Stay in the Game
This story originally appeared in the Sumer 2004 issue of Bates Magazine.
Despite top-notch management, the Bates endowment continues to lose ground to its peers. Here’s why — and why it should matter to you.
Barry Greenfield ’56 reads six newspapers every day, two online and four delivered to his condo door in Wayland, Mass. It’s a way to keep up with three lifelong passions — investing, Republican politics, and Boston sports.
Sports references pop up a few times as Greenfield, chair of the Bates Trustees’ Investment Committee, explains the diversified, low-risk strategy for investing the $186 million Bates endowment.
“Our endowment is managed like a baseball player who’s constantly getting on base. We’re the Kevin Youkilis of endowments,” Greenfield says, referring to the Red Sox infielder who has an uncanny skill at getting on base. “The other side of this investment strategy is that we’re not trying to hit any grand slams, either. We’re diversified — we’re not trying to sit on just one pitch.”
And with Bates embarking on the public phase of the $120 million, endowment-focused Campaign for Bates: Endowing Our Values, Greenfield can also explain the relationship between the endowment, fund raising, and Bates’ financial health.
Despite impressive investment returns, the endowment needs new gifts.
While it’s not quite the bottom of the ninth, the campaign comes at a pivotal time for Bates. Despite impressive investment returns in recent years, Greenfield and others say that the endowment needs a significant influx of new gifts just to keep Bates in the game vs. wealthier NESCAC peers.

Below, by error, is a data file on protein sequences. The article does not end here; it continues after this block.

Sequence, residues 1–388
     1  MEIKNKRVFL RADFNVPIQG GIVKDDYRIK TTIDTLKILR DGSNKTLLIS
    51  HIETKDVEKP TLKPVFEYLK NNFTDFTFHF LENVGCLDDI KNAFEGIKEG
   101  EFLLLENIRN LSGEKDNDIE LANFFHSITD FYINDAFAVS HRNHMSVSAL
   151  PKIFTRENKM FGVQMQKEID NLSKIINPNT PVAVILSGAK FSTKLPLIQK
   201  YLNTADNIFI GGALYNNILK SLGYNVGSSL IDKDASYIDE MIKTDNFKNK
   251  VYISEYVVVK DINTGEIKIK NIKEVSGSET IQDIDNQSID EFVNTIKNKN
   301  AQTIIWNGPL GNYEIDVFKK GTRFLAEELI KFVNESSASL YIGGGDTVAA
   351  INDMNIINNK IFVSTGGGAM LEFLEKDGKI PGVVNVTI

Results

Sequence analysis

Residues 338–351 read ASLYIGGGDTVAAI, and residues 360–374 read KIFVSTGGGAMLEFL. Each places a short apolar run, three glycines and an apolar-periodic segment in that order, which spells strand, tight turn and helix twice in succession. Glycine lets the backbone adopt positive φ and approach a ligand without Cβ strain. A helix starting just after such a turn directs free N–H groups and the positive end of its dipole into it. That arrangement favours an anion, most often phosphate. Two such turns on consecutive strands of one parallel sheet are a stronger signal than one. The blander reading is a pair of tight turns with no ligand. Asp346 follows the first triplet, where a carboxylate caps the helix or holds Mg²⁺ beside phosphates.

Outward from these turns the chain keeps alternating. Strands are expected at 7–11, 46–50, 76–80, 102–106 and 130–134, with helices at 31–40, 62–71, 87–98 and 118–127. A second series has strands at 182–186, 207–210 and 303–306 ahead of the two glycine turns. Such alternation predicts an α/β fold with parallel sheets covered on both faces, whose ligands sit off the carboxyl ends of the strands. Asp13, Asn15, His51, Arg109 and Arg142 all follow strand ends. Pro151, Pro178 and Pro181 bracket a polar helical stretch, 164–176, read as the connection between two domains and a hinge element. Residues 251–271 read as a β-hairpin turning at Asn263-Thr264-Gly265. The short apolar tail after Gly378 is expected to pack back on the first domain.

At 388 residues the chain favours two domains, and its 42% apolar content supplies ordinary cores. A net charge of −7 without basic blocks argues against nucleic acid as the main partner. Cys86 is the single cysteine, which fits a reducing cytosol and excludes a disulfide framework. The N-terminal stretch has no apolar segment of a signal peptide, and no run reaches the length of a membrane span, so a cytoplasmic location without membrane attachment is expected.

In the simplest terms, a college endowment is like a savings account. Colleges like Bates spend up to 5 percent of this “savings account” each year to pay for essentials like financial aid, faculty, and academic programs.
“The endowment is crucial to maintaining Bates’ quality and diversity,” Greenfield says. “Bates has gone from good to excellent. To sustain that we need a larger endowment. We’ve always needed it — but for the first time Bates could fall back without it.”
Greenfield assumed the chairmanship of the Investment Committee a decade ago, as he was winding up a 32-year career at Fidelity Investments, where he was director of research, ran the Fidelity Fund and, in 1986, launched the pioneering Fidelity Real Estate Investment Portfolio.
“Our duty is to manage the endowment for future generations.”
“When I went to Fidelity there were 39 employees,” he says. By his 1999 retirement, the firm had grown from a billion dollars in managed investments to nearly a trillion, and employed some 30,000 worldwide.
These days, Greenfield and his wife, Nancy Goldberg Greenfield ’57, summer in Massachusetts and winter in Delray Beach, Fla., where Barry’s retiree pursuits include golf and a weekly poker game. (A more serious sideline is handling investments for family and friends, including a New England Patriots football player.)
And if poker is about the anguish and exaltation of the endgame, then endowment management is about avoiding risk and staying in the game — an endless game. “Our duty is to manage the endowment for future generations,” says Greenfield. “You or I can chew up all our money if we want. But an endowment has to link past, current, and future generations of Bates students and faculty.”
In keeping with a long-term outlook, the Investment Committee’s goals are straightforward, yet the process is complex.
The team’s most important job is to allocate investments across asset classes (see sidebar “Widespread investing,” page 25). Various subcommittees also recommend the hiring and firing of money managers within these classes.
Currently, the Bates endowment is handled by 20 different managers, from big-name firms like Goldman Sachs to niche players like Axiom. For support, the Investment Committee counts on the Bates Treasurer’s Office and the consulting firm of Cambridge Associates.
Another subcommittee — chaired by David Foster ’77 — keeps abreast of the ethical dimensions of Bates investments, guided by the 1997 Bates policy on socially responsible investing, which emphasizes “ethical and reputable” business behavior by companies in which Bates invests.